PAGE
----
Ankin Law Office Says Study Shows Illinois Can Improve Worker Safety

Construction worker wearing safety harness and safety line working in a high place

Chicago accident attorney Howard Ankin says that a new study from financial website Wallethub shows that while Illinois may be one of the safer states to drive in, it’s not as safe as it should be for workers. Financial site Wallethub recently ranked Illinois as the eighth safest state in which to live in the United States.

The ranking comes as part of the site’s 2014 State Safety Ranking Study. It ranks state safety based on financial health, traffic safety, workplace safety, natural disasters, and home and community safety rank.

Illinois fared well in both driver safety, where it was fifth overall, and home and community safety rank, in which it placed fourth. However, the state was 42nd in natural disaster rank and 17th in workplace safety. Mr. Ankin said, “There’s nothing we can do about natural disasters, but we can certainly improve workplaces for the hard-working people of Illinois.”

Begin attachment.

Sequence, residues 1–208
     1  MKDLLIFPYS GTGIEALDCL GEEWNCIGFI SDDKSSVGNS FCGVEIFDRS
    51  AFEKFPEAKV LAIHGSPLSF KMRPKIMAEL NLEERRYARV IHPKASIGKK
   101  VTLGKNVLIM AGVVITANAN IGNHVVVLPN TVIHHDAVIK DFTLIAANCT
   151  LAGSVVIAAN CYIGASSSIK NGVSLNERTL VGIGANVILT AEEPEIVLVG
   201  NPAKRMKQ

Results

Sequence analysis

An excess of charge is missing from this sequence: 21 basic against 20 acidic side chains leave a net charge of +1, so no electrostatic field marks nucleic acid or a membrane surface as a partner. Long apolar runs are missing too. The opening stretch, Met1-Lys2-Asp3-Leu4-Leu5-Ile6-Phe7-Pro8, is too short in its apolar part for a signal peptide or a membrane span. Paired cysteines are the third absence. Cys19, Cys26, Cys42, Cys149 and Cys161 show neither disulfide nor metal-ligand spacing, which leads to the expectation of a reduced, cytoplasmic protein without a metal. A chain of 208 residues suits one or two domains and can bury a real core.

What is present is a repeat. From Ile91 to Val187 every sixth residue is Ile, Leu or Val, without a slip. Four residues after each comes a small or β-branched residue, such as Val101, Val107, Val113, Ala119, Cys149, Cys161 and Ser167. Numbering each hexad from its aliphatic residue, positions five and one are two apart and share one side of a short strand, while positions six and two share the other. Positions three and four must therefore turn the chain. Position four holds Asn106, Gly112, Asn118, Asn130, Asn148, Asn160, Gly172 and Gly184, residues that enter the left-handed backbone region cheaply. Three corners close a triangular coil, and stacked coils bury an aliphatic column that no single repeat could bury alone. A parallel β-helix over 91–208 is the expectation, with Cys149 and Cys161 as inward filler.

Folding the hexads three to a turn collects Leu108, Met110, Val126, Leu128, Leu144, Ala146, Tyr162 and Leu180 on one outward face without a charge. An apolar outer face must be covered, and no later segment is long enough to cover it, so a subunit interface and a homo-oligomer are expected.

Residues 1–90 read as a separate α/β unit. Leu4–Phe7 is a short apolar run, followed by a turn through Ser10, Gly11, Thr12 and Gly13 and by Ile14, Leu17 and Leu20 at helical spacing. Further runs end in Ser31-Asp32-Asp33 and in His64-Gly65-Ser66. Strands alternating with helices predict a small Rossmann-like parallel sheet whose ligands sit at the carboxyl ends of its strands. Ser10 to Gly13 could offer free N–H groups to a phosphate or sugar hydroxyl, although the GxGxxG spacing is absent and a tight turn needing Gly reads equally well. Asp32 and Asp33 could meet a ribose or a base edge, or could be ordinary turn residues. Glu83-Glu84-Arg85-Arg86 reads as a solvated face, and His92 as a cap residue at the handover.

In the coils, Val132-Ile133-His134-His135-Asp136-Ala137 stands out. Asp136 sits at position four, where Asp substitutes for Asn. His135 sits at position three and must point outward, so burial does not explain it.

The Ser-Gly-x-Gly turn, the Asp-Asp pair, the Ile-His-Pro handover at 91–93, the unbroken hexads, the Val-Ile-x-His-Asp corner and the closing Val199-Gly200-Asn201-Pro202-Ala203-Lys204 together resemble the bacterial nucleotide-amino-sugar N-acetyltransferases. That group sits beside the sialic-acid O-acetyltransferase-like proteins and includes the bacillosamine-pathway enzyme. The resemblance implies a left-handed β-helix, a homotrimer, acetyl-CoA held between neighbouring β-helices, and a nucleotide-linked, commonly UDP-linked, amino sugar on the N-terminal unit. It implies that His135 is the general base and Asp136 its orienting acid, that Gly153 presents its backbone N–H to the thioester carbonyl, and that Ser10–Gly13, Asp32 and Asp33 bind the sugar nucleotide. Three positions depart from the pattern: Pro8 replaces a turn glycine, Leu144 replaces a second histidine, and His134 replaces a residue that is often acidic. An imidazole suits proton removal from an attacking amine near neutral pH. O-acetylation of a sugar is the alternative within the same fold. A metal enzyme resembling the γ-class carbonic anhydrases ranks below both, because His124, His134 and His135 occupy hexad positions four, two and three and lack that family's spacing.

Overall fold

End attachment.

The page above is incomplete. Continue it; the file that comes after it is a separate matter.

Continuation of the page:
To determine the workplace safety ranking, Wallethub looked at the state’s number of fatal workplace injuries, days lost to injury and illness, and health insurance coverage rates. In 2013, Illinois had a nonfatal injury and illness rate of 3.2 per every 100 workers.

That’s in line with the national average, but Mr. Ankin says that Illinois can be better than average. Mr. Ankin said, “Workplace injuries place both a physical and financial strain on employees and employers. Illinois’ businesses need to work harder to ensure employee safety.”

On the positive side, the Wallethub study did note Illinois as one of the safest states in which to drive. Based on fatalities, number of “under the influence” violations, and pedestrian accidents, Illinois was able to crack the top five among safest driving states.

Mr. Ankin, partner and owner of Ankin Law Firm, LLC, said that Illinois is a very safe place to drive, but that serious accidents do happen. “As safe as Illinois is, accidents do happen and they’re often very serious. I’ve seen many lives irrevocably changed due to driver negligence and recklessness.”

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